I know my 11 yo looks up to her almost 19 yo sister but she has long since stopped trying to be *like* her and she's very into 'that's her, this is me' from clothes to taste in music to senses of humor and takes pride in it. HOWEVER ... when she wanted to get a 2nd piercing in her earlobes, but only one hole (not in the cartilege, just above the other earlobe piercing, just to be different), her initial response to her sister's comment that that would look weird was 'good, I like to be weird'; but when her sister then pointed out that she'd have to pay the same price for two and that if she just got both done she could always take one out and let it grow over appealed and my dd opted for double piercing which she now loves. Another time she wanted to wear a tie and her sis said people would call her an Avril wannabe. My 11 yo didn't care; she did it anyway. She DID go thru having total strangers mock her for being an Avril wannabe and at one point, she said grudgingly that her sister was right, and then what bugged her most was realizing that this wasn't being an individual after all. Through this all, my 19 yo has become much more actually interested - ANd that includes "accepting" - of her younger sister, which is what I think is most communicating itself to the 11 yo. The more someone feels "accepted" faults & all and loved anyway, the more that person is likely to listen to the person making them feel that way. It takes time and patience and committment, but it does work more than not.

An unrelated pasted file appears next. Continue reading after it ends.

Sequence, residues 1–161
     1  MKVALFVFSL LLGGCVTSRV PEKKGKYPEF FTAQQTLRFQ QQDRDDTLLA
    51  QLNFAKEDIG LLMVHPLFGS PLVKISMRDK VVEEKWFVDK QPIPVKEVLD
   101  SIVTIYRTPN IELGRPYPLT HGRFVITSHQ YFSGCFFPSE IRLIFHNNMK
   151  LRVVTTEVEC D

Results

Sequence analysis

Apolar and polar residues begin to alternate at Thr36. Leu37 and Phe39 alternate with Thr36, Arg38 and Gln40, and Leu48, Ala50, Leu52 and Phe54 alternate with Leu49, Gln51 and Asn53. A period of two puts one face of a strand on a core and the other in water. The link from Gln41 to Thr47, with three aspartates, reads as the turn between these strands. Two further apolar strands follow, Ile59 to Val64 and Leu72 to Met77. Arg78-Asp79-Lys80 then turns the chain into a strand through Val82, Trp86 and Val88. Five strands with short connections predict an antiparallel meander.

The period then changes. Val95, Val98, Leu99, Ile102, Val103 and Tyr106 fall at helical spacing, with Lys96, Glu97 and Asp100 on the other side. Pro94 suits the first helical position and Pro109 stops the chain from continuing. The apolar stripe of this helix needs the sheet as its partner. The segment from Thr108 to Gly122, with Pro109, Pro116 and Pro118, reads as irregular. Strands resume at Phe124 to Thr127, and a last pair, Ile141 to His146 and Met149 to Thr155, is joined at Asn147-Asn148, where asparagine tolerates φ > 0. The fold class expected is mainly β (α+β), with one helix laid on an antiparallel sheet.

Kudos to you for caring and wanting your sister to do well, be motivated and on track. Even if you aren't the parent, with the right combination of love, caring, consistency and basic acceptance of *HER* - as a PERSON, not 'actions' necessarily - you can have as great as - or greater than - impact on her than your parents, esp if they are unaware and your sister comes to understand that you DO know what she's doing. There's an incredible comfort on many levels when someone 'knows everything there is to know about you and likes you anyway' :-)

Good luck!

iVillage Member
Registered: 04-20-2003
Sun, 06-08-2003 - 10:25pm
Wow - she's luck to have you as a sister I think. I'd talk to her if I were you - I know you say you don't have a great relationship but just talk to her anyway so she knows someone cares.

Part of me thinks your parents need to know the full extent of your sister's behavior and then see if they still don't punish her. I think she does need some intervention. You know, kids have to sometimes make mistakes and just because she's behaving like this doesn't mean she's lost forever as long as she knows someone cares about her.

Does that make sense?

iVillage Member
Registered: 05-19-2003
Mon, 06-09-2003 - 1:22am
Just like the last two posts, I think your little sis is lucky to have you in her life. One day she will realise it too.